Traineeships have had 'positive impact', research shows
The majority of young people and employers feel positive about the impact of the government’s traineeship programme, according to new research.
An evaluation of the first year of the programme found that 79 per cent of trainees were satisfied with their experience, as 97 per cent of employers and 98 per cent of providers agreed that traineeships would help young people find a permanent job or apprenticeship.
Traineeships are an education and training programme for 16- to 24-year-olds, which includes high-quality work experience and work preparation training as well as English and maths.
They can last between six weeks and six months, but are designed to help young people find work or start an apprenticeship as quickly as possible.
More than 10,000 young people started a traineeship in 2013-14, the first year of the programme, and there have been 5,000 further starts in the first three months of 2014-15.
Earlier this week in a letter to the sector, skills minister Nick Boles said he wanted to double the number of traineeships to more than 20,000 this year.
The research took in the views of 1,590 trainees, 200 providers and 218 employers involved in the programme between August 2013 and July 2014.
The majority of trainees in the sample (59 per cent) had completed their traineeship, 30 per cent left early and 11 per cent were still on the programme.
Half of those who had left early did so because they didn’t like it, either because of the work experience, the English and maths training, the work preparation training, the travel or the hours.
Half of the trainees who had completed the traineeship were either on an apprenticeship (22 per cent) or in work (28 per cent), and a further 17 per cent were in training or education.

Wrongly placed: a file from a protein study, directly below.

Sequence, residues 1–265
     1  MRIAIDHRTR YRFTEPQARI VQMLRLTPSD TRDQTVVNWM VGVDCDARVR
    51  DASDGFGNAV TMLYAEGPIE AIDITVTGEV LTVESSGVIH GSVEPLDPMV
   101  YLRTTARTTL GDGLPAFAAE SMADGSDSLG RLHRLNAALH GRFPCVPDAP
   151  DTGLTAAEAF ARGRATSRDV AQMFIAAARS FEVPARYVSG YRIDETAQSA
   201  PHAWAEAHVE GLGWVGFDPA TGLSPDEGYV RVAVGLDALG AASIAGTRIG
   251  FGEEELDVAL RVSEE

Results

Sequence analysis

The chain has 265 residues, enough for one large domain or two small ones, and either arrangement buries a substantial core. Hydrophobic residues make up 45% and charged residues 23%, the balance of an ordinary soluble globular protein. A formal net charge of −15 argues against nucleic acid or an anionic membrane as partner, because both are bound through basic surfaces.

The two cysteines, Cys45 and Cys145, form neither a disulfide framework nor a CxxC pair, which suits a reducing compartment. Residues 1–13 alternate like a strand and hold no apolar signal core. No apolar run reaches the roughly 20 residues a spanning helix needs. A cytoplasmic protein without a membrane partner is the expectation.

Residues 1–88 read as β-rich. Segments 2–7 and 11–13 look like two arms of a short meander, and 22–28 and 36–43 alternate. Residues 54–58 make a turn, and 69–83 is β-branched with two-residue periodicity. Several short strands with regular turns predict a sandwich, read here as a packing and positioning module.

Eighty per cent said the support they received during the work preparation training had helped to improve their job search.
Some trainees, providers and employers had concerns about the programme, however. Trainees who had recently started raised concerns about the clarity of communication about the next steps into apprenticeships, and some had expected a guaranteed apprenticeship place to follow.
Some providers were unclear about how to deliver the programme and said more guidance would have been helpful, and a number of employers were confused about differences between traineeships and apprenticeships.
The main improvements suggested by providers and employers were to offer a financial incentive to trainees, and to improve promotion and advertising.
The research found that providers who decided not to take part in traineeships said they did so mainly because they were concerned about the impact on their resources of delivering a new and untested programme, and because they doubted whether they had the necessary expertise to make it a success.
A report by the Education Select Committee published earlier this week says there is “confusion” about traineeships and their impact is “currently unclear”.
It also recommends that the government provides greater clarity about the purpose of traineeships and the success criteria for the programme.
Traineeships to be opened up to more young people, says government – 18 November, 2014